The house was blissfully quiet after Jim washed out his mouth and got the courage to leave the bathroom. With a pitstop in his room for a pair of sweatpants and a t-shirt, he decided he could use some kind of sustenance. Nothing but toast and orange juice sounded good, but that was probably the best thing for him anyway.

He noticed as he made his way downstairs that Spock’s door was cracked, but he didn’t check to see if his friend was in there. He couldn’t stand the thought of facing him right now, facing anyone, really, but especially not Spock. He could hardly believe he’d done something so careless . He needed time to figure out what to say, how to make up for making a total ass out of himself.

But avoiding Spock didn’t look to be on the morning’s agenda. When he wandered into the kitchen, Spock was sitting at the table, reading a book with an untouched bowl of oatmeal beside him. Jim stopped in his tracks the second Spock looked up.

“Mornin’” Jim mumbled, mouth inexplicably drier than it had been moments before. He tore his eyes from his friend and made his way to the replicator, punching in the code for orange juice. He debated, once it had poured, taking it back up to his room and living in the safety of those four walls forever, but Spock’s eyes were on him and he owed the guy something . “Where’re mom n’ dad?”

He turned, and Spock regarded him with careful, precise control. “Shopping for tonight’s meal. You are unwell,” he observed. Jim grimaced.

“Yeah. I don’t know how I feel about that whole drinking thing.”

Spock closed his book, sat up straighter, and leveled Jim a look. “I do not understand the appeal,” he admitted. Jim joined him at the table, sitting across from him but not meeting his eyes.

“Listen,” he began, and he practically felt Spock tense up. Jim at least managed to look him in the eye. “I’m sorry.”

Spock was doing a rather impressive Sarek impression, face stony and unreadable as it had ever been. That was never a good sign. “There is no need to apologize,” he said cooly. “I understand one’s actions when one is inebriated--”

“No,” Jim said, a sharp pain in his head causing him to close his eyes and bring a hand to his temple. “No, I should apologize. It was a dumb mistake and I shouldn’t have--”

Spock stood abruptly, the scraping sound of his chair ringing loud in Jim’s ears. He winced, but risked a glance at his friend.

“There is no need to discuss the matter further,” Spock said.

Not buying that, Jim narrowed his eyes at Spock. “I kissed you. Drunk. You can’t just pretend it didn’t happen.”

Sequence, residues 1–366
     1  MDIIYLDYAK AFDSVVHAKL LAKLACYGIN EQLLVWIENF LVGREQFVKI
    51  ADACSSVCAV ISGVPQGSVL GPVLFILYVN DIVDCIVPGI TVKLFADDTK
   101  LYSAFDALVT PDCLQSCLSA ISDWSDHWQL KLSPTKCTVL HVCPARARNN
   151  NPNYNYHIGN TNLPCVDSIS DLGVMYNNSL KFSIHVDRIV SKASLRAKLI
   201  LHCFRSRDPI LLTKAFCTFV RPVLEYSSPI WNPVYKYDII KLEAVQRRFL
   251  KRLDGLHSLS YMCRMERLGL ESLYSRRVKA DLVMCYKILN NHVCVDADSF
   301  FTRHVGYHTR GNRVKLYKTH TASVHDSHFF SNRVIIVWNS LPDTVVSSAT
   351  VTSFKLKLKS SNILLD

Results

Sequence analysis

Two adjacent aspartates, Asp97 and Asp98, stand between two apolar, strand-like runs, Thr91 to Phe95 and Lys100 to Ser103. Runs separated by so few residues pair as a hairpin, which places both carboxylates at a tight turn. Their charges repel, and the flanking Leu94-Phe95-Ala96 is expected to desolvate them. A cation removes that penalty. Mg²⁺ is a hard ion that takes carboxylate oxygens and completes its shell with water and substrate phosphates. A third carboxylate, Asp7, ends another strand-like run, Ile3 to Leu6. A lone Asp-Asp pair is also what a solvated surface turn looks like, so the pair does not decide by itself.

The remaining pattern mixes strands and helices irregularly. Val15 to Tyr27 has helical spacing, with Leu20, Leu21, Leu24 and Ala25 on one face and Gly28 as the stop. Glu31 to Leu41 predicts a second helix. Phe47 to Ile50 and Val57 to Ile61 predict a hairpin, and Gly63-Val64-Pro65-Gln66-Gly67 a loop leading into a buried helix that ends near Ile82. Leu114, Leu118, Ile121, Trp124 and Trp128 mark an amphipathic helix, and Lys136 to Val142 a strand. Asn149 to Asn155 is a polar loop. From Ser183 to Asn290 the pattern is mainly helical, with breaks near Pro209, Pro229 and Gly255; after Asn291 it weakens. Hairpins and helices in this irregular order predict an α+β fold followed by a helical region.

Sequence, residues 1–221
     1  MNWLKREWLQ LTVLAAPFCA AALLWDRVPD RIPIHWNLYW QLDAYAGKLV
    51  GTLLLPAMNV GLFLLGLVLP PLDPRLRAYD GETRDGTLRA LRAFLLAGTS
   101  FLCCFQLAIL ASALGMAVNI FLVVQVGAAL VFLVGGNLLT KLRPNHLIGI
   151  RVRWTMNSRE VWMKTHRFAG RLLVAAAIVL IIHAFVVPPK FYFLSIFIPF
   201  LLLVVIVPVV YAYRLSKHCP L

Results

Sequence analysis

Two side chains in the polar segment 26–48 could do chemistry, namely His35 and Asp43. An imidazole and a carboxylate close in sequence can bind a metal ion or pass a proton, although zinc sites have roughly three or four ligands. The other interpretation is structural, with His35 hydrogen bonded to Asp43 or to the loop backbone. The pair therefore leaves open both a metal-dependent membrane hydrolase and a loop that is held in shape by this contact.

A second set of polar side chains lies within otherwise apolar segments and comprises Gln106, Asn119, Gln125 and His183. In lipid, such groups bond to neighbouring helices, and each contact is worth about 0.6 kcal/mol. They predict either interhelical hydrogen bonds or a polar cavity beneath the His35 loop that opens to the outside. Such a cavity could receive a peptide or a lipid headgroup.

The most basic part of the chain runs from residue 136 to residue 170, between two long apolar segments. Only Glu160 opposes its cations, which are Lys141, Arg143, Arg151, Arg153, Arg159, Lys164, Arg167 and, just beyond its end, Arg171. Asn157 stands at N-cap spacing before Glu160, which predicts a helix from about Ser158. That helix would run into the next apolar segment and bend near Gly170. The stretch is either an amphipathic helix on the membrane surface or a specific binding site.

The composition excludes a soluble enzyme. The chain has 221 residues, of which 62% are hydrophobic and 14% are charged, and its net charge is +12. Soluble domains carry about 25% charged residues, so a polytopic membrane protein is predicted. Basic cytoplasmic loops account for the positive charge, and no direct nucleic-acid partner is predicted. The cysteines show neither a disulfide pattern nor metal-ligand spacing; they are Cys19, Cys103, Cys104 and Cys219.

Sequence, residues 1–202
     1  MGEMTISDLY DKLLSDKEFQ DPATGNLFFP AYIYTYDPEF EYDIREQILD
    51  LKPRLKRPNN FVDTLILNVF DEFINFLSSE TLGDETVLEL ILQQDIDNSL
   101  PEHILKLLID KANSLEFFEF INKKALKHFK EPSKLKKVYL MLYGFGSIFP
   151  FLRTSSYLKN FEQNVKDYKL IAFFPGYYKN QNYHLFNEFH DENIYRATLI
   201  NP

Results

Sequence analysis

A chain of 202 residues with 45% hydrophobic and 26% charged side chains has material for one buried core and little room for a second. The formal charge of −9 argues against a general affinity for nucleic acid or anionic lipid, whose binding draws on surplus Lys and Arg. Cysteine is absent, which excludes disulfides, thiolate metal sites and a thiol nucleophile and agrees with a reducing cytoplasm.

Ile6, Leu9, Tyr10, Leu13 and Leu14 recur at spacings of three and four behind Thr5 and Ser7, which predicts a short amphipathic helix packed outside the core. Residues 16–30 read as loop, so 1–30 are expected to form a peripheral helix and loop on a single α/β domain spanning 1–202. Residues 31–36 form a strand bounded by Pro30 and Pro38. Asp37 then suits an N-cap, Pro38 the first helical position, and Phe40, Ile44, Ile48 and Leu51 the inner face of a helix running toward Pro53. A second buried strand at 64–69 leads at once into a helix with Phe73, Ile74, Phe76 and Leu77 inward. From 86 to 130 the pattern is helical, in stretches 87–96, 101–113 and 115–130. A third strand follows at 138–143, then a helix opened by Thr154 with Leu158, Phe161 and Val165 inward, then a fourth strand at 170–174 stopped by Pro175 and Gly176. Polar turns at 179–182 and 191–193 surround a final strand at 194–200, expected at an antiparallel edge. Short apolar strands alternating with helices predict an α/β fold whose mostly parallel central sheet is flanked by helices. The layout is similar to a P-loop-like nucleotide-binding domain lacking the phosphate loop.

“As you said, it was a mistake .” Each word was clipped, harsh as Jim had ever heard him speak. “I am willing to overlook the infraction, but I request that you do not mention it again.”

Jim’s stomach sank, and where he’d felt the beginnings of frustration, now he just felt… drained. This was his answer. That big question that had been rolling around in his head. Could Spock maybe, conceivably, possibly feel the way Jim did? Could they maybe have something more together than this strange limbo between brother and friend?

But love, like everything else, was a human emotion, and maybe in spite of everything Jim knew about Spock, he just wasn’t capable. Or-- a possibility that hurt far worse-- maybe he just wasn’t capable of feeling it for Jim .

“Right,” Jim said, hand clenching around his glass. He looked away. Out of the corner of his eye, he watched Spock snatch his book off the table.

“I recommend you eat and bathe,” Spock said as he made his way to the back door. “Your brother will be arriving in precisely three hours.”

Jim had forgotten, but of all the things he was worrying about, Sam was low on the list. “Right,” he said again.

Spock left without another word, and Jim wondered if he’d been waiting in the kitchen all morning just to tell him off.

He put his head in his hands. There was a lot of damage control to do, though he didn’t know how he could manage it if Spock wouldn’t even let him apologize. Maybe that was for the best, though, maybe they both just needed to pretend it had never happened. Jim just wished-- of all his fuzzy and fleeting memories of the night before-- he wished he couldn’t remember the exact feeling of Spock’s lips against his own.




Sam’s homecoming that evening was a happy affair. George made souffle, one of the fancier dishes in his repertoire, and Sam had brought back some interesting-looking desserts from a space station that saw the influx of many different races. Sam had no idea which planet they’d come from, but he said they weren’t poisonous as far as he could tell.

They’d all missed Sam, Sam with his kind, soft heart and his love of his family and the way he asked each of them how things were going as though he genuinely wanted to know. Even Spock opened up a little bit the second Sam sat at the dinner table, seemingly forgetting about Jim for a time. Jim wasn’t sure if that was a good or a bad thing, but if it made Spock happy it could only be good. They didn’t meet eyes the entire meal, or speak directly to each other, but Jim was grateful everyone was so wrapped up in Sam’s stories of the frontier they didn’t even notice.

It wasn’t until after dinner that Sam shot Jim a couple suspicious glances. Spock had stayed downstairs long enough to help clear the table and confirm that it was not his night to do the dishes before retreating upstairs once again. While Winona and George were there chatting away, Sam didn’t ask the question he looked like he was gearing up to ask, for which Jim was thankful.